No More music, No More dancing in Iran

In 1979, after a protest that saw not a single act of violence, Iran disposed of a despot shah to move into a new era of democracy and social freedom… or so it seemed. The time of the shah was a time of great inequality and the revolution was thought to bring about social changes to the effect of democracy and a liberal freedom in Iran. It soon became clear however that Iran had merely swapped one dogmatic regime for another, and through the course of ten years the entire fabric of Iranian life would change as theocratic democracy installed itself in the country. “It was big change for us,” says Mr. Amir Zamani who was just coming of age in Iran during this transformation. Mr. Zamani, an older, distinguished gentleman with thick strands of grey hair, wears a serious expression while remembering his youth in Iran, his dark forehead furrowing and extending as some old memory comes back to him from his youth.

“We thought the worse was going and the good was coming” says Mr. Zamani of life just after the revolution. Iran had gone from a monarchy to a Theocratic-republic overnight and what should have been an era of  “more freedom and a democracy” turned in on itself and became an autocracy ruled by sharia law. In the two years succeeding the shah’s departure and the ayatollah’s rise to power, Iran “became very strict about everything from clothing to social behavior” as dictated by Islamic law. Restaurants closed, all alcohol was forbidden, and everybody in the entertainment industry left for places like a LA. A morality police was installed to uphold the strict religious laws imposed by the regime, which prohibited anyone from committing haram, an act or practise that defies Islamic law. “In 1979 we could go to a bar and drink a beer, but after the revolution there was no beer”, says  Mr. Zamani in a simple, yet effective analogy for the extreme change in circumstances that happened almost overnight.

Immediately following the ‘79 revolution, Iran plunged into a costly battle with Iraq to expedite the ayatollah’s vision of an Islamic state across Iran’s borders and over the entire middle east. “We could have stopped the war in the first year”, says Mr. Zamani “but they (the Guardian Council) said no, because they had to go through Iraq to Palestine to Israel” for a bigger stake in the region. It would’ve been considered sacrilege to go against the state during a time of conflict, where the entire nation should be devoted to their country. “The regime used the war to enforce more of the Islamic law” on their people and with that there was “no more music or dancing”.

In 1985 Mr. Zamani remembers having to go to some unsavoury lengths to listen to western music. “Music was not allowed at all in the eight years during the war” so “people had to smuggle in music from the west, reproduce it and sell it”. Mr. Zamani and his peers would have to revert to underground channels to get cassette-reproductions of new records from the likes Dire Straits and Bob Marley. “You had to get it illegally and pay more” if you wanted the latest music from the west and listening to it was a clandestine act, severely punishable by varying and unknown degree, an uncertainty that just ads to the fear. You could get a night in prison or be strung up from a lamp pole, for any number of “lewd” acts. In the eighties Mr. Zamani’s wife was “imprisoned for two days because she wore red shoes and white pants”.

It was a frustrating time for people like Amir Zamani who had been raised on a fairly liberal, although impoverished regime, and who had received nothing but the empty promise of democracy at the end of the revolution. “We didn’t have real freedom”, says Mr. Zamani. For him and many others who refrain from taking part in any organised religion, sharia law was taking away the freedoms they’d known earlier in their lifetime and replaced it with a kind of draconian religious orthodoxy. With their backs to the wall, all that was left to do was to take to the streets and protest. Mr. Zamani is very guarded about his political activities during that time and only confirms that he was “politically active”, but to what degree he won’t quite divulge. For a country operating under sharia law during a time of war, protesting your regime was considered a great treason and you were immediately sent to jail with a much harsher punishment to follow. In 1988 over 30 000 prisoners loyal to the People’s Mujahedin of Iran opposition group and other leftist groups were executed by order of the then ayatollah Ruhollah Khomeini. In 1991 Mr. Zamani, “not able to get a job” and “move freely within the city” for fear of persecution, he left the country with his wife and their one year old son, Nima as political refugees, never to return to Iran…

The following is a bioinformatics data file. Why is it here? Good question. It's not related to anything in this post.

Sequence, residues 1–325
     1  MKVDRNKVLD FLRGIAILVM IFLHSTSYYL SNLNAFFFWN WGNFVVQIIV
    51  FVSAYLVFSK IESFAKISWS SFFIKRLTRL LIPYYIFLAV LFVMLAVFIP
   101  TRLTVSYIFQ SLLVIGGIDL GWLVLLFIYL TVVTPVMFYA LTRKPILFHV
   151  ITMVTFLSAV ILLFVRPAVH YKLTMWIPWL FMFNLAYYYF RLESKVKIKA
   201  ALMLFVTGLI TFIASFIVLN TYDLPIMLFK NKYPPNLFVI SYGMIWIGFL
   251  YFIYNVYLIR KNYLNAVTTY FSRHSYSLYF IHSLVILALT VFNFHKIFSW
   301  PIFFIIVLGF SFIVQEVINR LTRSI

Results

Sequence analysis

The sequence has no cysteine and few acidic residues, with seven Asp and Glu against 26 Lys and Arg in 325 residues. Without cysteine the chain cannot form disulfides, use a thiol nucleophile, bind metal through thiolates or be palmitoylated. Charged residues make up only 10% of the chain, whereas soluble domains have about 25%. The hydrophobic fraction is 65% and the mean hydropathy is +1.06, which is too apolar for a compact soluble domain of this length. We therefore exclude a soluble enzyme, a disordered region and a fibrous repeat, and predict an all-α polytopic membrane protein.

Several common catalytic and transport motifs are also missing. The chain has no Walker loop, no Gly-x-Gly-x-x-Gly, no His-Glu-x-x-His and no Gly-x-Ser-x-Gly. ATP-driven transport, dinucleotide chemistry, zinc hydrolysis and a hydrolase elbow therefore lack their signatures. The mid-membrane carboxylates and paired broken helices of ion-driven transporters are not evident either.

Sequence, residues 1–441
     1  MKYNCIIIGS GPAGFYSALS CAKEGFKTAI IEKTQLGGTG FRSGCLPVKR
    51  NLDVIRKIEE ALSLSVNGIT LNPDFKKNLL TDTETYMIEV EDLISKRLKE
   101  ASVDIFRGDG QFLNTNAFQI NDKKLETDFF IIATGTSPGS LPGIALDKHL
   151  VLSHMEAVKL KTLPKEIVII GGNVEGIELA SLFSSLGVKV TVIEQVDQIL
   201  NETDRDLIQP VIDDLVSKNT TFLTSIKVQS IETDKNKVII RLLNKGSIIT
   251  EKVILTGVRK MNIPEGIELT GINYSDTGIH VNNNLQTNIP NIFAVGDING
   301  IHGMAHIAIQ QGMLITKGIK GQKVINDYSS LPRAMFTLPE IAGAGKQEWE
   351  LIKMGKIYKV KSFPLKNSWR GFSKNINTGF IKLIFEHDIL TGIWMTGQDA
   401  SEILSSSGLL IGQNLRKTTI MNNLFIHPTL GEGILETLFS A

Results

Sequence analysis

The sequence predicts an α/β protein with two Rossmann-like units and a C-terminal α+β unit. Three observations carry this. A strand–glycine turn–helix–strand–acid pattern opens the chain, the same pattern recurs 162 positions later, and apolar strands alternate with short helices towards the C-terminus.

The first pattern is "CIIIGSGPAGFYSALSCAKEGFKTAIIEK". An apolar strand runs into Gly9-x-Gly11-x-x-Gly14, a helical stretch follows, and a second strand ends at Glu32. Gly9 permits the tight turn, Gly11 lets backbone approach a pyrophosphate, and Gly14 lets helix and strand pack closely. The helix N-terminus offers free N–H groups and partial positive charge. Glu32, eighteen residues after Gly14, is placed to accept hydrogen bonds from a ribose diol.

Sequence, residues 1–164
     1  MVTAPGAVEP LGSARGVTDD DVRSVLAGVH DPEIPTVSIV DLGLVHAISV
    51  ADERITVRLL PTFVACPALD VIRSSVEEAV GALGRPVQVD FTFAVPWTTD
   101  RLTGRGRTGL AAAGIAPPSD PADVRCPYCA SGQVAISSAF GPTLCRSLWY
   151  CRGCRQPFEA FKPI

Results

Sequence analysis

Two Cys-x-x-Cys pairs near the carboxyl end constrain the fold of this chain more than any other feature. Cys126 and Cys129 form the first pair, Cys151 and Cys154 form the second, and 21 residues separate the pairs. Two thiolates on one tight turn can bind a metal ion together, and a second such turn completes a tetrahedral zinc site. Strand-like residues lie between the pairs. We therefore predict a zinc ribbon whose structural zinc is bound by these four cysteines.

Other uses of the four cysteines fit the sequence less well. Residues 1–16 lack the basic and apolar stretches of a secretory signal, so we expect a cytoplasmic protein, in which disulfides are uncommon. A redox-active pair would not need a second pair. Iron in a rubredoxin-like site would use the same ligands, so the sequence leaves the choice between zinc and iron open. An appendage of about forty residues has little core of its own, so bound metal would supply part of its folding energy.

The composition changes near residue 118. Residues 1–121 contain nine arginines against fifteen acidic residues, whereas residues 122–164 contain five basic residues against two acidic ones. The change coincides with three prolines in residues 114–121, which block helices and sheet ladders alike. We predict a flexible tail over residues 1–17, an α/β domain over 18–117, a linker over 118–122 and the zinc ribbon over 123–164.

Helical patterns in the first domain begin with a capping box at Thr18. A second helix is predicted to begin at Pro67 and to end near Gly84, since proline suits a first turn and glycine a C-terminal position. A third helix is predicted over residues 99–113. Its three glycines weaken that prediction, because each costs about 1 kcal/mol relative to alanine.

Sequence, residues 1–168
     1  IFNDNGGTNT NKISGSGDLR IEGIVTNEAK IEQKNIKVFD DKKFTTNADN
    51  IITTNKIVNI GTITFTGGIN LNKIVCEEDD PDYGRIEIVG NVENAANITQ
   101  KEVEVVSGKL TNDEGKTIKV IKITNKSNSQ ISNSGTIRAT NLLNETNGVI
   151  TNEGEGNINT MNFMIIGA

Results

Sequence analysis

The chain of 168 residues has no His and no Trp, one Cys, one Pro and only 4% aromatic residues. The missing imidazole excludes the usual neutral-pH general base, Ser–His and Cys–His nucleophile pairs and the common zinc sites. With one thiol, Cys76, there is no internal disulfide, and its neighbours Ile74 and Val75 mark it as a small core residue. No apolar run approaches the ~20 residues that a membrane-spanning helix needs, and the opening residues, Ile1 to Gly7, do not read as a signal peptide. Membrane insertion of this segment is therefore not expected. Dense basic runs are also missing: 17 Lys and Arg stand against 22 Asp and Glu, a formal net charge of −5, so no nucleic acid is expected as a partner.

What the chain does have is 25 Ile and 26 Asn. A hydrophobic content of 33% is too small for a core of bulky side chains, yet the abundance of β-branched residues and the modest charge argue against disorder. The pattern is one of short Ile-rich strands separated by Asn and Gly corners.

“Has nothing changed since (Hassan) Rouhani”, says Anoosh from the DJ/production duo Blade&Beard in the critically acclaimed documentary, Raving Iran. Hassan Rouhani is the latest in a line of Iranian presidents that seem to be very little more than a distraction to keep the masses occupied while the religious leaders enact their master plan. In this particular scene of Raving Iran, Anoosh and bandmate Arash are trying to obtain a permit from the Ministry of Culture and Islamic Guidance, and are met with something I discern as disbelief by the bureaucratic official. They try to persuade her, by handing her a copy of their new album, which they call a Rock/House album, and this just perplexes her even more. Very little has changed since the Iraq war in Iran and while western audiences have enjoyed a great evolution in electronic music, in Iran they are still struggling to perform and hear electronic music in any way shape or form – even the guitar is considered prohibited. Raving Iran follows the story of Anoosh and Arash as they struggle to produce and play the music we in the west now consider pedestrian. In the documentary Anoosh is arrested at a house party; they put together a “rave” in the desert; and eventually find themselves playing a festival in Switzerland. “We don’t want you to come back” says Arash’ mother over the phone to her son in Switzerland in one of the more poignant scenes in the documentary.